“I’m sick of not having the courage to be an absolute nobody.”
― J.D. Salinger, Franny and Zooey
JD Salinger last published an original work in 1965, and last gave an interview in 1980. His most famous novel, The Catcher in the Rye, was published when he was 32 years old, and he died when he was 91, in 2010. But he stopped writing long before his death, and it has long been a mystery as to what he was working on in the intervening years, during his “life as a recluse,” as Time Magazine put it. It seems he was definitely writing something, as he said in one interview with the New York Times in 1974, “There is a marvellous peace in not publishing… I like to write. I love to write. But I write just for myself and my own pleasure.”
He became even more notorious as the years progressed and the mystery deepened. He went to great lengths to avoid any details about his life being made known, with lawsuits in the 80’s, 90’s and 00’s against various people (including his daughter) succeeding in preventing any unauthorised biography or memoir being published. His last interview, more than 30 years ago, seemingly ended badly, as did two of his three marriages.
But now, the authors of the latest JD Salinger biography, David Shields and Shame Salerno, claim that they have solved the mystery of what the author had been working on in the last 50 years of his life. They have heard tell of a planned release of a series of posthumous publications of previously unseen work, scheduled for after 2015. The work is said to feature some of his original characters, Holden Caulfield among them, which will no doubt prove most interesting for the many fans The Catcher in the Rye has amassed in its 60+ year history. Whether these publications actually come to pass is another matter – we’ll have to wait and see. But if they do, it will certainly put to rest one of modern literature’s more famous unanswered questions.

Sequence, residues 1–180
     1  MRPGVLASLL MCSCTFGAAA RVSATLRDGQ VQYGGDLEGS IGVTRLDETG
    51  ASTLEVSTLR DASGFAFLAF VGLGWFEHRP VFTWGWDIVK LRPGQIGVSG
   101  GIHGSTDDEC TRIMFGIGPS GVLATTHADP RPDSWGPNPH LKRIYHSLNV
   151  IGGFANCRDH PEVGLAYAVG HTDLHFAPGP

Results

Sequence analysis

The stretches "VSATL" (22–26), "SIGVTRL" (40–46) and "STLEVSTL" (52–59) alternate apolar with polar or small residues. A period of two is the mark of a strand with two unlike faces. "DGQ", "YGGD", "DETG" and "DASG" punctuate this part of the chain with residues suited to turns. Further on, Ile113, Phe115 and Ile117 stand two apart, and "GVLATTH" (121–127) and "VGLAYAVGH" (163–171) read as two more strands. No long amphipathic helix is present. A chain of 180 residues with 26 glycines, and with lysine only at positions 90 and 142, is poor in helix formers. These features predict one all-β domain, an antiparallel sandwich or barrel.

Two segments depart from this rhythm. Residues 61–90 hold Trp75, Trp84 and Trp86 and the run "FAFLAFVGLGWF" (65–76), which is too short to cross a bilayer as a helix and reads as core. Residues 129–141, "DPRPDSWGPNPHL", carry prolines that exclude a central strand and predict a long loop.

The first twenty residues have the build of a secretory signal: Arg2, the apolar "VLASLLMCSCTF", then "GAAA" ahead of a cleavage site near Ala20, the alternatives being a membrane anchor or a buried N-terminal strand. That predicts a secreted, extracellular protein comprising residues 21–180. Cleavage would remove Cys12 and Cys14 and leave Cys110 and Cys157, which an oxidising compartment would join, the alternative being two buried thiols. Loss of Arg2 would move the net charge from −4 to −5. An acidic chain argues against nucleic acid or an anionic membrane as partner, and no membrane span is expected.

Read the full article here: http://www.theguardian.com/books/2013/aug/25/salinger-authors-claim-posthumous-works-published
“Many, many men have been just as troubled morally and spiritually as you are right now. Happily, some of them kept records of their troubles. You’ll learn from them—if you want to. Just as someday, if you have something to offer, someone will learn something from you. It’s a beautiful reciprocal arrangement. And it isn’t education. It’s history. It’s poetry.”
― J.D. Salinger, The Catcher in the Rye